In adipose [14] and liver [1517] cells, two main factors on the surface of the cytoplasmic lipid droplets—phospholipids and proteins—are suggested to control lipid droplet size. For example, in murine adipocytes, the level of perilipi-2, a member of the PAT-domain protein family, decreased concomitantly with a reduction in intracellular lipid droplet size upon dietary supplementation of trans-10, cis-12 conjugated linoleic acid [17]. In murine mammary gland cells, adipophilin knockout was associated with the formation of small intracellular lipid droplets relative to the wild type [18]. Other proteins with enzymatic activity are Tg-synthesis enzymes (GPAT, AGPAT and DGAT) and lipases, which are suggested to regulate lipid droplet size by increasing Tg synthesis or inducing Tg hydrolysis, respectively [19,20]. In addition, protein activity on the surface of the lipid droplet is suggested to be modulated by interactions with specific phospholipids, depending on the phospholipid head group [21]. In light of these findings, it is reasonable to assume that the composition of the phospholipid envelope plays a pivotal role in the regulation of lipid droplet size.

Indeed, phospholipid envelope composition has been shown to affect stability and consequently size of the lipid droplet in an aqueous cytoplasmic environment. Negatively curved, cone-like, phospholipids, such as phosphatidylethanolamine (PE), destabilize the lipid droplet membrane and hence induce lipid droplet fusion, resulting in larger droplets [19]. On the other hand, cylinder-like phospholipids, such as phosphatidylcholine (PC), have been suggested to stabilize the lipid droplet surface and hence inhibit fusion, resulting in smaller droplets in nematodes [22, 23] and Drosophila [24]. Whether these mechanisms are also involved in the modulation of lipid droplet size in the mammary epithelial cells has yet to be determined.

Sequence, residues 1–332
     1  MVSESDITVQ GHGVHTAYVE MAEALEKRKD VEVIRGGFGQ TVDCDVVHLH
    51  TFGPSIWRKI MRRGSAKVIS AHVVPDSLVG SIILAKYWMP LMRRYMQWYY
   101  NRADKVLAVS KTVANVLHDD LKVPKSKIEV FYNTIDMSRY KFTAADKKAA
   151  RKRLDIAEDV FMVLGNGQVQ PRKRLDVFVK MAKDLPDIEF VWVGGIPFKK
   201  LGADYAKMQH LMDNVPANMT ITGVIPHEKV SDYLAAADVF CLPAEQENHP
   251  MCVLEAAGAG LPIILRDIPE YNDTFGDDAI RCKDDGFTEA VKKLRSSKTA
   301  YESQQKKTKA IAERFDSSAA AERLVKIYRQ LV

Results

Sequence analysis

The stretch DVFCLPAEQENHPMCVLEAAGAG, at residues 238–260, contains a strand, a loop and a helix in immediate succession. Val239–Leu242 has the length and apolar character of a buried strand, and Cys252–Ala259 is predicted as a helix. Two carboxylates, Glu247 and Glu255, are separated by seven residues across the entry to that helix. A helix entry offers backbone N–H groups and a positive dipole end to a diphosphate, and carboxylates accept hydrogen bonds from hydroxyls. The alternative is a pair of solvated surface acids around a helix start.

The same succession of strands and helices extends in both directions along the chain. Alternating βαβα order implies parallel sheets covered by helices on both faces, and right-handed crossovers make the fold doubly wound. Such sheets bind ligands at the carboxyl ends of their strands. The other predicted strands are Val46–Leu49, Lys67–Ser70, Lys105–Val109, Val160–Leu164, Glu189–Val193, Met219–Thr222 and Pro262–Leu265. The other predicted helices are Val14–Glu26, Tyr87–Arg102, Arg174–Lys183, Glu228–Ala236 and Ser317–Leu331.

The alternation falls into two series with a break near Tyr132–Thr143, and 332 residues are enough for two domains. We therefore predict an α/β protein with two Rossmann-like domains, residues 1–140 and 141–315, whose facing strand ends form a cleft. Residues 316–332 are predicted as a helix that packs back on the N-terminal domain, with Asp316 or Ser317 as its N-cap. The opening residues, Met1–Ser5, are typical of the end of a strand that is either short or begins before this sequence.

Because MFG size is associated with its phospholipid composition [3,7,25,26] it is likely that the composition of membrane surrounding the intracellular lipid droplet during its formation and secretion has a role in determining the MFG diameter.

The size of the MFG is tightly associated with its composition, with a higher content of mono- and polyunsaturated fatty acids and phospholipids in small vs. large MFGs [6,25,27]. A high content of mono- and polyunsaturated fatty acids in milk is of interest, due to their effects on human lipid metabolism. Moreover, a higher phospholipid content in milk may be desirable due to the recognized positive health effects related to plasma lipid profile and overall metabolism [28, 29], as well as beneficial effects on immune system, heart and brain functions [30]. MFG size also has industrial implications since it affects the physicochemical characteristics of dairy products as well as the aggregation and coalescence properties of milk [3133]. These findings highlight the importance of understanding the mechanisms controlling MFG size from nutritional, human health and industrial perspectives. However, the possible involvement of membrane composition in the cellular mechanism controlling the size of both intracellular and secreted droplets is still illusive.

In the present study, phospholipid composition of mammary epithelial cells was studied in relation to intracellular and secreted lipid droplet structure. Data presented herein demonstrate that under conditions that induce Tg accumulation, lipid droplet size is regulated in a phospholipid composition-dependent manner.

Materials and Methods

Experimental design

Two sets of experiments were conducted. The first examined whether culturing with different free fatty acids (FFAs) induces changes in cellular Tg content and if so, whether these alterations are associated with membrane composition. The aim of the second experimental set was to test whether FFA-induced changes in membrane composition are associated with changes in the size of both intracellular and secreted droplets.

Three FFAs were used as treatments: capric, palmitic, and oleic acids, diluted with DMEM/F12 medium supplemented with 0.5% (w/v) FFA-free bovine serum albumin (BSA) to a final concentration of 0.1 mM. For the control, 0.5% FFA-free BSA was added to the medium. These fatty acids were chosen based on their affect on lipogenesis, lipid droplet formation and trafficking in adipose, liver and muscle [3438].